Mary E. Stuckey

 

On her book Political Vocabularies: FDR, the Clergy Letters, and the Elements of Political Argument

Cover Interview of May 27, 2018

Lastly

Members of the clergy were both members of an elite and also very closely connected with local communities. Some were relatively prosperous, while others were struggling, so they had a unique set of perspectives on the political changes and challenges associated with the New Deal. And those perspectives add to our understanding of that important moment in time.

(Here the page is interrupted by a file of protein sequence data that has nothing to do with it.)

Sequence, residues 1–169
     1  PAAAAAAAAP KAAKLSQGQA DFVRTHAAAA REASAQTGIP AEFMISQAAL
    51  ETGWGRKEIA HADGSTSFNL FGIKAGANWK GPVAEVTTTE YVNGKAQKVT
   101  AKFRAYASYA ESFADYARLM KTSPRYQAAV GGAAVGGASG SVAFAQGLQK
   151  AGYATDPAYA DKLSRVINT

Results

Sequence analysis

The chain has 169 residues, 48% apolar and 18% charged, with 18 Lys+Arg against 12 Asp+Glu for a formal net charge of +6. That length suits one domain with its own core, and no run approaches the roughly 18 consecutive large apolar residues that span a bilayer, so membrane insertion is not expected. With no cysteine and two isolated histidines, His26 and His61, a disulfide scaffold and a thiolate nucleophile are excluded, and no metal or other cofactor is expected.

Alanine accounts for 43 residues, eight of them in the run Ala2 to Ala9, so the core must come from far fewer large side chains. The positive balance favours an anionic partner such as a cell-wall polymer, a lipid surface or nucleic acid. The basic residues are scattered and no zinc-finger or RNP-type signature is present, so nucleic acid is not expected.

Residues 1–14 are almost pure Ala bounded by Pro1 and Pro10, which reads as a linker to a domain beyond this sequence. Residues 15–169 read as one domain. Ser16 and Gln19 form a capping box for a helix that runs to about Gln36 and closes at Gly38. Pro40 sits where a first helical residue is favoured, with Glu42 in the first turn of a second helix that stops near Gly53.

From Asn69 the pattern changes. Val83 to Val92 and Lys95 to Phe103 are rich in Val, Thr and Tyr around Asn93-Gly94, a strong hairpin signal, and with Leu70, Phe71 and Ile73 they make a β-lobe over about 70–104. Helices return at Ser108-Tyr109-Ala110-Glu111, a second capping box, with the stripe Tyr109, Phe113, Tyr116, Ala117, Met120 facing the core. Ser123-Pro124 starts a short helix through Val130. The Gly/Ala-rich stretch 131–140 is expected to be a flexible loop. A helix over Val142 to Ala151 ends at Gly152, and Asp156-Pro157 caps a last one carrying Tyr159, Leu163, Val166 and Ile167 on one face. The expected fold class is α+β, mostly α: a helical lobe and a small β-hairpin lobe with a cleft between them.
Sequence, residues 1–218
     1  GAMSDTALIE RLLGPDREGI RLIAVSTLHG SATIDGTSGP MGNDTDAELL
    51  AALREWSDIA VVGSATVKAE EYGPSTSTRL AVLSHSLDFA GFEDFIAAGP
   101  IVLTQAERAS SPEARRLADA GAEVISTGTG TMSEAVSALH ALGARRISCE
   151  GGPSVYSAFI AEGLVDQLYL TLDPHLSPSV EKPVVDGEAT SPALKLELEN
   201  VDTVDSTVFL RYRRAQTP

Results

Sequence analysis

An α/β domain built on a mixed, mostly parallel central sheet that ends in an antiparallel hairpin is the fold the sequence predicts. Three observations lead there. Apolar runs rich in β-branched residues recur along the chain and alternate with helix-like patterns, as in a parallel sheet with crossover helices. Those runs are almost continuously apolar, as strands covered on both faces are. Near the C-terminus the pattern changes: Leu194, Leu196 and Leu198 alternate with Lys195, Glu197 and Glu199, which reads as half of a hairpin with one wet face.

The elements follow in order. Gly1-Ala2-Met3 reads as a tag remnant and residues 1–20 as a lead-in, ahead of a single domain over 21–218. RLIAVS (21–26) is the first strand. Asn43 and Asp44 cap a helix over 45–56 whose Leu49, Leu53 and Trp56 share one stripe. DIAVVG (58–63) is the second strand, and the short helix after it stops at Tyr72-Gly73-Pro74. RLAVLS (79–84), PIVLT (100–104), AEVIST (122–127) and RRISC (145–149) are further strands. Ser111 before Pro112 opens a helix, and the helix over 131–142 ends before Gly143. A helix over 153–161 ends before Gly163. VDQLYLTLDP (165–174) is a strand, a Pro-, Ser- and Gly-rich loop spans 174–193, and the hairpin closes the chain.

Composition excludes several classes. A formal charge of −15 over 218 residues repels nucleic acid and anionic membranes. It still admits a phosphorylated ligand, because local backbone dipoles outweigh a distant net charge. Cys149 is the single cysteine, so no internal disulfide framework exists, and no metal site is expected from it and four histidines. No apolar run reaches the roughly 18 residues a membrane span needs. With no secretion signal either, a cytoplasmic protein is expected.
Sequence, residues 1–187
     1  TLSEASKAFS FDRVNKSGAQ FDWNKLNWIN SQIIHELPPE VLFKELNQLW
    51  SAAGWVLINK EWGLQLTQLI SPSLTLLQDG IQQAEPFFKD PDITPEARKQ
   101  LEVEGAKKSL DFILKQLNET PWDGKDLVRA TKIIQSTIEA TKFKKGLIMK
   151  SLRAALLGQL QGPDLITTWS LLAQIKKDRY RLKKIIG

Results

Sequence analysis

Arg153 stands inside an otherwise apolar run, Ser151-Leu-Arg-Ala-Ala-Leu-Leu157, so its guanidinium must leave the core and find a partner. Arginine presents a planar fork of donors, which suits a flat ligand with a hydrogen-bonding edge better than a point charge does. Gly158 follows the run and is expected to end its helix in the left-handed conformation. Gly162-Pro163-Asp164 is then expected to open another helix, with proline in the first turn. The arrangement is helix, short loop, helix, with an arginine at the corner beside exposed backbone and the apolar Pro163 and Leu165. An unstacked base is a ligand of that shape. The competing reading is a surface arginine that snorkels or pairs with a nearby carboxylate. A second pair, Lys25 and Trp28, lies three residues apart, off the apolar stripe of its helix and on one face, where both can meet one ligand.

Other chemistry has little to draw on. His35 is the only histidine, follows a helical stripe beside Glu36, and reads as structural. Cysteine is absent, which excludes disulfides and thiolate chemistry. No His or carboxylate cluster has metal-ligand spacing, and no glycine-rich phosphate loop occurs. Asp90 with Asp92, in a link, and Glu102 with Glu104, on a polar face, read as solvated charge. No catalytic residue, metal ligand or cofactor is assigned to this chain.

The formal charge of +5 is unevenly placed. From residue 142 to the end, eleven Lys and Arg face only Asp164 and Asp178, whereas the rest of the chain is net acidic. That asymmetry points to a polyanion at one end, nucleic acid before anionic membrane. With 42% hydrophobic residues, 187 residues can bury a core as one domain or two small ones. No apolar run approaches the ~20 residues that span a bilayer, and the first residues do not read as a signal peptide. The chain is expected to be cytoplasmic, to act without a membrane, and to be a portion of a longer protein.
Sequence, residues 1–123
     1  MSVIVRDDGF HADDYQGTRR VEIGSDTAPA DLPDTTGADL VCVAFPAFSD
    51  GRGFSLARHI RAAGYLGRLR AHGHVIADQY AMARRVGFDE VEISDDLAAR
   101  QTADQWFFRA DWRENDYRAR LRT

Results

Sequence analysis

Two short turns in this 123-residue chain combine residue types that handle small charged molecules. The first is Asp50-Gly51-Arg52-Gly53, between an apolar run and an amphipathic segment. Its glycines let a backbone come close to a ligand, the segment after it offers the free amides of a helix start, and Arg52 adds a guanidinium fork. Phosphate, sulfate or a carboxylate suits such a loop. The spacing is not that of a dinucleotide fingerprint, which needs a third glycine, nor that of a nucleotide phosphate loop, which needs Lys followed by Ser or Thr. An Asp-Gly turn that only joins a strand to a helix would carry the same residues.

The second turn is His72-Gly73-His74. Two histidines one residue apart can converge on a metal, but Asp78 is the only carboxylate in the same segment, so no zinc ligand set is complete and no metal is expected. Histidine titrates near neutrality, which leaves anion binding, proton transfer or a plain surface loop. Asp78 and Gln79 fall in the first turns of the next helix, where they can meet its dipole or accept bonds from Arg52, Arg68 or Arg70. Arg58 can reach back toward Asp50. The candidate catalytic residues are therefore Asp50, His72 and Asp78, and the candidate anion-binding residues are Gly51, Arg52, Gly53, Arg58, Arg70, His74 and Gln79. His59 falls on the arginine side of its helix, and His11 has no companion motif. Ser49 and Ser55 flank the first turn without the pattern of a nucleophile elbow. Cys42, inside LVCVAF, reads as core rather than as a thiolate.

We live in different political worlds, constructed through rhetoric. Our understandings of the kinds of authority that are appropriate for a democracy differ. Our understandings of the kinds of people who make good citizens and the hierarchies among those citizens differ. How we justify our beliefs, and, as a result, which policies we prefer, differs. This book, which examines those differences in the 1930s, helps us better understand our own times. We can’t begin to solve the problems associated with political polarization until we have understood its roots. I hope that this book contributes to that endeavor.